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A man is already suing over alleged Google GDPR violations

  • A privacy activist is already suing over alleged Google GDPR violations.
  • The GDPR took effect today, so this guy wasted no time.
  • Facebook, Instagram, and WhatsApp also got hit with lawsuits from the same man.

Today is the first day that Europe’s landmark General Data Protection Regulation (GDPR) takes effect. Although almost every internet company has had to alter its privacy and data collection policies to comply with the new law (which is why you’re receiving so many emails on privacy policy changes), some argue that Google isn’t doing enough.

That’s why Austrian privacy activist Max Schrems – a vocal critic of Google’s data collection practices – is suing the company to the tune of $3.7 billion.

Schrems is also suing Facebook and its major subsidiaries Instagram and WhatsApp. The Facebook lawsuit is for a little more money than Google, at $3.9 billion, via The Verge.

Although Google made sweeping changes to its privacy policy (as did Facebook, Instagram, and WhatsApp), Schrems argues that the company is violating the GDPR in that the acceptance of that policy is “all-or-nothing.”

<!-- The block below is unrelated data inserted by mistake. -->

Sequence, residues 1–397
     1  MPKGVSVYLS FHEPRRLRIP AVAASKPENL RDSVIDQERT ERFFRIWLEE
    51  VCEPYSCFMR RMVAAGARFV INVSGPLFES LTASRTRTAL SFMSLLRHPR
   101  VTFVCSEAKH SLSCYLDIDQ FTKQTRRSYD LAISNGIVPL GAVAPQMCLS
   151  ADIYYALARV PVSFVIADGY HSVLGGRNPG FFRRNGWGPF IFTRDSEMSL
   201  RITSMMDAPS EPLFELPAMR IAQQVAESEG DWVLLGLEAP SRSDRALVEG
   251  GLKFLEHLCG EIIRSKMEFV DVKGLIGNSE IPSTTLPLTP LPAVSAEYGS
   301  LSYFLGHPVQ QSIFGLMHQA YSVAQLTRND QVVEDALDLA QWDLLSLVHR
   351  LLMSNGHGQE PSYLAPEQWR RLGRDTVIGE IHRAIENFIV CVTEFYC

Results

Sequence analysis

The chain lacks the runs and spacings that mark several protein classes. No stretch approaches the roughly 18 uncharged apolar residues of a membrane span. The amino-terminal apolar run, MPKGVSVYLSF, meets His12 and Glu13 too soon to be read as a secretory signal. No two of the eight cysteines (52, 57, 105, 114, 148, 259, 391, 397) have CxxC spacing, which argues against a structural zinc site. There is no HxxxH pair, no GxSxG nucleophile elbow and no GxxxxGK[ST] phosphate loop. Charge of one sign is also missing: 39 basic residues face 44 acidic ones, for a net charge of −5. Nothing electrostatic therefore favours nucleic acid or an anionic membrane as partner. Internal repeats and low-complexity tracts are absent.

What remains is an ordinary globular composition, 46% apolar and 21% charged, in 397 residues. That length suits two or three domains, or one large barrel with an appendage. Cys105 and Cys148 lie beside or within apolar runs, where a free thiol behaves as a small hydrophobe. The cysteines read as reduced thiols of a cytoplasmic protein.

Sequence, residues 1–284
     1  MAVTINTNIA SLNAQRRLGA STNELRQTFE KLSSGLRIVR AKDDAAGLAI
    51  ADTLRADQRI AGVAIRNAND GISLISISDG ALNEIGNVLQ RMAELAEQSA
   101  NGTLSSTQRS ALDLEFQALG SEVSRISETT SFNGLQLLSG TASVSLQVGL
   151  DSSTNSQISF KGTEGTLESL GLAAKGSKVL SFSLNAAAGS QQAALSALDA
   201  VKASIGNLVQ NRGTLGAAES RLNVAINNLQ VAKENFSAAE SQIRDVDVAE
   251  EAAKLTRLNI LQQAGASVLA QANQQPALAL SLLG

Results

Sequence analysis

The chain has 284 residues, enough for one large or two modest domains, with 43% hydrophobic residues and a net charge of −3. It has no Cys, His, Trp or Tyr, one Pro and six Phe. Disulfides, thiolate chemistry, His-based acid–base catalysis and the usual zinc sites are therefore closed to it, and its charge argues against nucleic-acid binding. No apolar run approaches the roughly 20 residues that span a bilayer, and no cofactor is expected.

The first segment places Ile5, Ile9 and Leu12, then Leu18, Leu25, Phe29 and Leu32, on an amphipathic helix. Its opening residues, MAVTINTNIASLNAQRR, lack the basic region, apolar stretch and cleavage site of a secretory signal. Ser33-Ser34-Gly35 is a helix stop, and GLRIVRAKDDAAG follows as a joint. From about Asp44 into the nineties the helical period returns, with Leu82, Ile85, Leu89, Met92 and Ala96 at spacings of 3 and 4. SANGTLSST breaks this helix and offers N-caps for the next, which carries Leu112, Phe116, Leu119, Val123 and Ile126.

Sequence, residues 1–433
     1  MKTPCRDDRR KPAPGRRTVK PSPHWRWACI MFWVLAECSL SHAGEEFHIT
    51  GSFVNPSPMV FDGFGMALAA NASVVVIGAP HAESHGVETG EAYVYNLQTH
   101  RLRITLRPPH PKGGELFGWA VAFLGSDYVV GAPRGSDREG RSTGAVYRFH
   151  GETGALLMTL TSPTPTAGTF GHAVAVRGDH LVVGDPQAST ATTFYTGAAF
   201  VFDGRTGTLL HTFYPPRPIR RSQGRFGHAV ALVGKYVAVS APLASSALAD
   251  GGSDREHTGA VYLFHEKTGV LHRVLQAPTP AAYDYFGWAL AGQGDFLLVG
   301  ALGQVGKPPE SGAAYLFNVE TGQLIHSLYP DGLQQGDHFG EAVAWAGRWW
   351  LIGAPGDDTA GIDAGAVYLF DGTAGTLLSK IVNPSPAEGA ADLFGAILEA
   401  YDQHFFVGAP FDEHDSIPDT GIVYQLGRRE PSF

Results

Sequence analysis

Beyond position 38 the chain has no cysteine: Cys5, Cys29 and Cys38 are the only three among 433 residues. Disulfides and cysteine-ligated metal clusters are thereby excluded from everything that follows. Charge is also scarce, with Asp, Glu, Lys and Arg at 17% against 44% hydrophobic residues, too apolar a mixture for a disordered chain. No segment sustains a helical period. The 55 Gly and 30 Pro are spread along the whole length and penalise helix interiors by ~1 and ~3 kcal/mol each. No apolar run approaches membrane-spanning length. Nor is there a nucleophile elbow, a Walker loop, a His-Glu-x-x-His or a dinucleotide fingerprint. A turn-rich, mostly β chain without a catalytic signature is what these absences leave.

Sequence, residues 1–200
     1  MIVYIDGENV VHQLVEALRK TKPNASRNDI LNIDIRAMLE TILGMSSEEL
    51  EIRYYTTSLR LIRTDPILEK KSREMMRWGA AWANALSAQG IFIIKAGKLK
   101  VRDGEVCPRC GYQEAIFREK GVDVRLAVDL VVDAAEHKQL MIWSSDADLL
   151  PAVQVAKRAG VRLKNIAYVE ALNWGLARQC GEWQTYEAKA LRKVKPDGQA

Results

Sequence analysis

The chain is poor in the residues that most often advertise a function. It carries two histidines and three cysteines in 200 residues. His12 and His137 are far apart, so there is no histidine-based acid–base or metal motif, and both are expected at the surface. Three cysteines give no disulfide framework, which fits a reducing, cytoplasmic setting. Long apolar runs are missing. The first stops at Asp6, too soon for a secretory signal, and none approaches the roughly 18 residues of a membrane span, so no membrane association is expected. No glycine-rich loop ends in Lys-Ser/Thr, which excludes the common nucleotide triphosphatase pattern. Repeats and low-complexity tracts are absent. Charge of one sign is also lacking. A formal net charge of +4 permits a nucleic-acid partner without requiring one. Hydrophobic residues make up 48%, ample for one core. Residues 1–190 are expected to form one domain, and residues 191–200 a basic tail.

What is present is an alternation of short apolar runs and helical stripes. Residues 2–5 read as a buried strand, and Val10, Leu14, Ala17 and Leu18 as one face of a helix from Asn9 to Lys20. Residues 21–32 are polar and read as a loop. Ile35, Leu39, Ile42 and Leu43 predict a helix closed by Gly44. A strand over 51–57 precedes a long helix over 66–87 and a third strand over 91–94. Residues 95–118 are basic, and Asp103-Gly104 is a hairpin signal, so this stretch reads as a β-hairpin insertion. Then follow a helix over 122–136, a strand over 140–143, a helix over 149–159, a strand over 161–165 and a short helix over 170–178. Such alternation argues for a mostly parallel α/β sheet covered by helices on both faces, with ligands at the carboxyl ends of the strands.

Part of the GDPR statutes state that users should be able to opt-in or opt-out of specific policies when it comes to privacy and data collection, not either accept everything or be barred from using the product. Schrems argues that the companies in question violate these statutes by asking you to either accept or deny the changes to their privacy policies; if you deny the changes, you can’t use the service.

Schrems argues that if you don’t accept all the new privacy policies right now, you can’t use Facebook, Android, Google, Instagram, or WhatsApp.

Google and Facebook issued statements in response to the lawsuits, predictably disputing the charges. “We build privacy and security into our products from the very earliest stages,” Google said in the statement, “and are committed to complying with the EU GDPR.”

A Facebook spokesperson denied any wrongdoing and said that the company has “prepared for the past 18 months to ensure we meet the requirements of the GDPR.”

Although Schrems has a point, it is still unclear how European regulators plan to enforce the GDPR statutes. Legal cases of this magnitude will be expensive and time-consuming, so we’ll have to wait and see just how committed the EU is to the GDPR and enforcing its statutes.

NEXT: Google makes privacy policy easier to understand, adds new data controls

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